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Accident Attorneys In Georgia

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Jackson and Tucker, P.C.

2229 First Avenue North
Birmingham, Alabama 35203


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Langdale Vallotton, LLP

1007 N. Patterson Street
Valdosta, Georgia 31601


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Georgia Motor Vehicle Accident Laws and Safety Requirements

Although Georgia laws applicable to traffic accidents are roughly similar to the laws in other states, they do have some distinguishing features. Below is a summary of the most relevant legal provisions:

Statute of Limitations: You have two years from the date of an accident to file a personal injury lawsuit, and four years to file a lawsuit for property damage. A wrongful death claim on behalf of a deceased victim can be filed within two years of the victim’s date of death.

Shared Liability: When the plaintiff shares fault with the defendant, Georgia applies a modified comparative fault standard – the plaintiff’s damages are reduced in proportion to his degree of fault – by 20 percent, for example. If the plaintiff is at least 50 percent at fault for the accident, he will recover nothing.

Fault/No Fault Rule: Georgia is a “fault” auto insurance state, meaning that an injured victim can file a lawsuit or a claim against the other driver’s liability insurance company.

Minimum Insurance Coverage: Georgia requires all drivers to carry vehicle accident liability insurance covering $25,000 for each injured victim, a total of $50,000 per accident, and $25,000 in property damage.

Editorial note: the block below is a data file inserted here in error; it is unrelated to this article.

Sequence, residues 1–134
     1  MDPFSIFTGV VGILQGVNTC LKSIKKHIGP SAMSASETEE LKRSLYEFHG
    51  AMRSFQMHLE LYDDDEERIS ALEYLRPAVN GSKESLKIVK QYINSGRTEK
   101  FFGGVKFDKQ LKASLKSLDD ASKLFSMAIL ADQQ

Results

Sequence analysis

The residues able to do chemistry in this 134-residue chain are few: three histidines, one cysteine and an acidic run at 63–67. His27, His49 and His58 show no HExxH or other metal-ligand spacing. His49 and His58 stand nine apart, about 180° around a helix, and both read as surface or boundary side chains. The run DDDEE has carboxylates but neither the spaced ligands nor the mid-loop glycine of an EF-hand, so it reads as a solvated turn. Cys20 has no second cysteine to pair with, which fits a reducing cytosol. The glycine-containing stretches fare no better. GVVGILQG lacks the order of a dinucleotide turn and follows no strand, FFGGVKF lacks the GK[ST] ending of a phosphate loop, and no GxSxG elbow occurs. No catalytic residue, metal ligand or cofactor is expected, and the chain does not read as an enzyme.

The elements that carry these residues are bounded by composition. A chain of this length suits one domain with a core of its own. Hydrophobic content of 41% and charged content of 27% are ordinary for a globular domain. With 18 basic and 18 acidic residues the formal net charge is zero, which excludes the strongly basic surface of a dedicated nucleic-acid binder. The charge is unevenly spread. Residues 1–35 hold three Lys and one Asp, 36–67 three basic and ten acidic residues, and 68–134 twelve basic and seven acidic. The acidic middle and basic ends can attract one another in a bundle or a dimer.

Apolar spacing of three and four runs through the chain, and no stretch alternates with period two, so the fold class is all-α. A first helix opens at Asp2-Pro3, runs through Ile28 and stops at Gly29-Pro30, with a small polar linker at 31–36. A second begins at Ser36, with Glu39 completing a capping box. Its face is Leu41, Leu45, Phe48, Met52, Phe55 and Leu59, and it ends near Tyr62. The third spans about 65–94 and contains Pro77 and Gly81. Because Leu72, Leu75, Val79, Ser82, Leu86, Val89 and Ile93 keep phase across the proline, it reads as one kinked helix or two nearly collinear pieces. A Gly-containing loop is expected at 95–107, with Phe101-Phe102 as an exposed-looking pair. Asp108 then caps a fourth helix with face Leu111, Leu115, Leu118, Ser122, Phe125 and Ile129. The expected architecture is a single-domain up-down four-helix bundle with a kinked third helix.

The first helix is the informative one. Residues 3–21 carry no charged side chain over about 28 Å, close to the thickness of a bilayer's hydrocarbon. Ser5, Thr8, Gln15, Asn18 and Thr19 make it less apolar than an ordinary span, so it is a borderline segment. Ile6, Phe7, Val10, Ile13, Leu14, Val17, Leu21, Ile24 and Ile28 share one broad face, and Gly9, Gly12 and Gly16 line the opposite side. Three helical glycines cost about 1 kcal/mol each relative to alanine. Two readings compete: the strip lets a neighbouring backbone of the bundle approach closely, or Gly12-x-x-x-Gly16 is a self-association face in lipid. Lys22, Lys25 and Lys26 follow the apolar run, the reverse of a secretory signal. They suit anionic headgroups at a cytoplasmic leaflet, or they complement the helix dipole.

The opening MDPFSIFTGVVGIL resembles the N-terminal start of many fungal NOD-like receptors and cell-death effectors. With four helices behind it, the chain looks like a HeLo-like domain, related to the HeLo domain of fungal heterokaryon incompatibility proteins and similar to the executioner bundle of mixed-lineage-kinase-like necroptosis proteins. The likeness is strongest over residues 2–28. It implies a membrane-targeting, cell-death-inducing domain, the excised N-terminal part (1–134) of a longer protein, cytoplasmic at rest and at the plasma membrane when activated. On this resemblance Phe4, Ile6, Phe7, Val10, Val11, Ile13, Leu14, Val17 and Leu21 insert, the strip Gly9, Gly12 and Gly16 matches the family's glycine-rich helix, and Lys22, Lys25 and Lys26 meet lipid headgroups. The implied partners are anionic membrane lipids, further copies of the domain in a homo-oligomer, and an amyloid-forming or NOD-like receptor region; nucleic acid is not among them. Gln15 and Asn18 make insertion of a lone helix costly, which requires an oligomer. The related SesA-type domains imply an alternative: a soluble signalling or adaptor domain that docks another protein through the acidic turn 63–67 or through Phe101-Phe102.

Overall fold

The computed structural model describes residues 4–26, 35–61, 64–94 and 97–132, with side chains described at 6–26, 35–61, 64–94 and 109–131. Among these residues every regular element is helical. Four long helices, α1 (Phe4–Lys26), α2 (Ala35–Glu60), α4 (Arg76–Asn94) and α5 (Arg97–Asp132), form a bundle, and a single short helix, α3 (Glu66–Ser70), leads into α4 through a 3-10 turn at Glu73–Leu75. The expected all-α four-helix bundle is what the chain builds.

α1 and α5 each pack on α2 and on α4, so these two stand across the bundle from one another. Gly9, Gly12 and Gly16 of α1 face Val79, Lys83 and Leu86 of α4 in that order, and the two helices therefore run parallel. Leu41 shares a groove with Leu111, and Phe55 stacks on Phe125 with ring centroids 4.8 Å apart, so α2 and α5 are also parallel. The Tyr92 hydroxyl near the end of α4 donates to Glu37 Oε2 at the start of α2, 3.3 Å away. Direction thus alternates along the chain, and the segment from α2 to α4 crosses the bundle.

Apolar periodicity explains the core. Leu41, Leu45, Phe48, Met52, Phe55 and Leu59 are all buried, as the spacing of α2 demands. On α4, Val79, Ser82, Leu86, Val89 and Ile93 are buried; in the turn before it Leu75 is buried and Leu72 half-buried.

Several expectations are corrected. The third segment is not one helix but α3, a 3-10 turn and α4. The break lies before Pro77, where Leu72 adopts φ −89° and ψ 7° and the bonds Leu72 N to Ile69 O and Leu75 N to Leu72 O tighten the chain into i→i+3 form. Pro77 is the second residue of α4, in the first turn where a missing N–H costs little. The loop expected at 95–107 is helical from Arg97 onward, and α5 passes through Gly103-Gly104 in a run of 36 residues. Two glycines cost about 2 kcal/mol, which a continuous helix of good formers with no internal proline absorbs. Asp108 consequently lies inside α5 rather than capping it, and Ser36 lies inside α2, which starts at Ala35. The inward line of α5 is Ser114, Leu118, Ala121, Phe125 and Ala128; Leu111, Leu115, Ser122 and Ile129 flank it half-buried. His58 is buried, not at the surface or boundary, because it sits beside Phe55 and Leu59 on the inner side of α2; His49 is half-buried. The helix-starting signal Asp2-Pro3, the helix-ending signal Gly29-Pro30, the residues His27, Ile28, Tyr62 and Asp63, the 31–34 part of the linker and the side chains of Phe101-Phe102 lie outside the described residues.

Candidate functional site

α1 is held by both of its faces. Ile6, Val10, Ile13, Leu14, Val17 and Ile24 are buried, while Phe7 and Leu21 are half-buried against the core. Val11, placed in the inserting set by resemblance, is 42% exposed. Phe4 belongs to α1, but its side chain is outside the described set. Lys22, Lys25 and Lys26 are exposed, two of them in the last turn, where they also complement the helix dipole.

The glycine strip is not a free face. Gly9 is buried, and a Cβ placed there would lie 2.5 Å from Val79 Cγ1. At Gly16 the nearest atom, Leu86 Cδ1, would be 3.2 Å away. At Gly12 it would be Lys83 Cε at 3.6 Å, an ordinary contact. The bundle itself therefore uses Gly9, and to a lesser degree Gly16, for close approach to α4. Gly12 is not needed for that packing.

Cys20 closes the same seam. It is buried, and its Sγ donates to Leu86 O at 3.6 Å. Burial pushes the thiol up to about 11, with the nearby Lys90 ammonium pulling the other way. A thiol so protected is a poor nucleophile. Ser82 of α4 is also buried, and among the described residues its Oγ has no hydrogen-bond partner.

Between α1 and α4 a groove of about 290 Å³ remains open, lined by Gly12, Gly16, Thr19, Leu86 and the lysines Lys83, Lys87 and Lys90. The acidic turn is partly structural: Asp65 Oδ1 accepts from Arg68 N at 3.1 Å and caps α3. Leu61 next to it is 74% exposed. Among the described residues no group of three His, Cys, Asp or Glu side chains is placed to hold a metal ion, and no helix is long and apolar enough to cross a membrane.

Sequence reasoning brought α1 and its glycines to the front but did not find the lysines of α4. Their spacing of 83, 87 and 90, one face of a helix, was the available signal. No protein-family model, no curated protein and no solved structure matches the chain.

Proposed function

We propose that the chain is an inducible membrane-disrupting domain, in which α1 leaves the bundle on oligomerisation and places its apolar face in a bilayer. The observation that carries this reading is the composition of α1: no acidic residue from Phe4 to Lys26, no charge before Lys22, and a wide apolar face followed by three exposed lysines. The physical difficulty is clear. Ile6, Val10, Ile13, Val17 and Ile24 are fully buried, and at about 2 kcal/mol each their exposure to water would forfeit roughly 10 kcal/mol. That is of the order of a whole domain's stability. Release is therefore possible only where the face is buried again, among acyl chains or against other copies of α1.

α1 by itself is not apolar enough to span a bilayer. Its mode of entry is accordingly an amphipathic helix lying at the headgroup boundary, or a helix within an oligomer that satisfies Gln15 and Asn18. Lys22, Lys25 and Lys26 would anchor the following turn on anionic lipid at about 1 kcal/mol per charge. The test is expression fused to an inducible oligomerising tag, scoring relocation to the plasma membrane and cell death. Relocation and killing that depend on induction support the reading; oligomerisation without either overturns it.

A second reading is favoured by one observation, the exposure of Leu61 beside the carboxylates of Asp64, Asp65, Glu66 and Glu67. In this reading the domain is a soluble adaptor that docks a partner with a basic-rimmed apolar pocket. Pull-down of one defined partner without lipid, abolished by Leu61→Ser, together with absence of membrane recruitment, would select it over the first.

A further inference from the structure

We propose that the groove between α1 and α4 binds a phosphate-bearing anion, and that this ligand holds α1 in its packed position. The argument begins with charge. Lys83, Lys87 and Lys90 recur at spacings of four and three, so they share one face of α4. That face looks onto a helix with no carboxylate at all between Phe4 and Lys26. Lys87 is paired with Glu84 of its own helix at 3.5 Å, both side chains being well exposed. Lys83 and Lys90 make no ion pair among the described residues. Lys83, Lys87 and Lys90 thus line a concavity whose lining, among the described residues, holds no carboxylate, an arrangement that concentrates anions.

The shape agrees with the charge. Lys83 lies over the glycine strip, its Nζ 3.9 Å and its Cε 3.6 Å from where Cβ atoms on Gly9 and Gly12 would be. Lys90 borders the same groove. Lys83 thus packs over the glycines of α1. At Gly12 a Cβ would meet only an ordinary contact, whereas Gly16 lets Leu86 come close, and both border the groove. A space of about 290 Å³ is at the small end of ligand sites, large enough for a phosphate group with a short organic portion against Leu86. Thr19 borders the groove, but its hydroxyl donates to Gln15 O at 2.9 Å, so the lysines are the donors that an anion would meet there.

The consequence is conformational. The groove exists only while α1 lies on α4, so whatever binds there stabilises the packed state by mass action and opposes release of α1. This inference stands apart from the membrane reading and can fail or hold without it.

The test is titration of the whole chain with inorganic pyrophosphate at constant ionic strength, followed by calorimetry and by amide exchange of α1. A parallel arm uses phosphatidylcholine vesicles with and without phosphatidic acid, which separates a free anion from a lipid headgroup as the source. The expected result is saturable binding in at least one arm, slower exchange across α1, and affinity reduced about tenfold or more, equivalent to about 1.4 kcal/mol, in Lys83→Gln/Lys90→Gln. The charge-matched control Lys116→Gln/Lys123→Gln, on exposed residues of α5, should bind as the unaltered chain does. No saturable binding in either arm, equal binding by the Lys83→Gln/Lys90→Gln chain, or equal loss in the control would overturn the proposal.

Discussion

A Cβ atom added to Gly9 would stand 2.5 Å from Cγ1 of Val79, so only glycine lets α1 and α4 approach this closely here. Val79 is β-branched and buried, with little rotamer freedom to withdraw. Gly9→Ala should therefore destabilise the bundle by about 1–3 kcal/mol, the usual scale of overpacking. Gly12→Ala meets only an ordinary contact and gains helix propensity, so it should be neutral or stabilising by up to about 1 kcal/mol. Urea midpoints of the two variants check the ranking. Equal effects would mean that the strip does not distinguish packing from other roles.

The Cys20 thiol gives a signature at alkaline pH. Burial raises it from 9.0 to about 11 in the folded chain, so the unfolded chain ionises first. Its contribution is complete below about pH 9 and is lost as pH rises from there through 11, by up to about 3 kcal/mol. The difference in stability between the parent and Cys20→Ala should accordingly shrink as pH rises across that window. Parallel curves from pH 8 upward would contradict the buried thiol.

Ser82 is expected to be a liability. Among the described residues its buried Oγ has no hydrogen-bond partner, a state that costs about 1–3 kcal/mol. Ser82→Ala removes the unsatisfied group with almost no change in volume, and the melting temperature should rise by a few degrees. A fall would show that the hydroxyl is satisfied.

Uninsured/Underinsured Drivers Coverage: Georgia law does not require drivers to carry uninsured/underinsured driver insurance.

Types of Damages Available: Full compensatory damages are available, including damages for intangible harms such as pain and suffering. Punitive damages require clear and convincing evidence of malice or other bad faith that indicates a conscious indifference to the consequences of the defendant’s act. Punitive damages are capped at $250,000 except for intentional torts (such as assault and battery) and product liability cases.

Product Liability for Defective Vehicles: Strict product liability is available. Punitive damages in product liability cases are not subject to a statutory cap, but 75 percent of the amount awarded goes to the state government

Suing the Government over Defective Roadways (Sovereign Immunity): To sue the State of Georgia under the State Tort Claims Act, you must file detailed notices with the state government before filing a lawsuit. You cannot file a lawsuit unless the state government either denies or ignores your claim. Even if this happens, your claim is likely to be thrown out of court unless you allege a manufacturing defect in the roadway rather than a design defect.

Motorcycle Helmet Laws: All Georgia motorcycle riders must wear helmets.

Seat Belt Laws: Minors from 8 to 17 years old must wear seat belts in both the front and back seats. Adults 18 years old or older must wear seat belts while sitting in the front seat. The maximum fine for a first offense is $15.

Dram Shop Laws: In Georgia, both licensed alcohol vendors and social hosts face liability to third parties who are injured when the vendor or host illegally provides alcohol to a minor (under 21 years old) who then proceeds to cause an accident. Both vendors and hosts face limited liability to third parties for serving alcohol to obviously intoxicated adults.

DUI/DWI Laws: The minimum BAC in Georgia is 0.08 percent (only 0.02 percent for minors under 21). Enhanced penalties kick in for drivers whose BAC reaches 0.15 percent. First-offense jail time ranges from 24 hours to one year; fines range from $300 to $1,000; and the offender’s driver’s license can be suspended for up to one year.

Distracted Driving (texting while driving, etc.): All drivers are banned from texting while driving. On-duty school bus drivers and drivers under 18 years old may not use cell phones while driving, regardless of whether or not they are hand-held.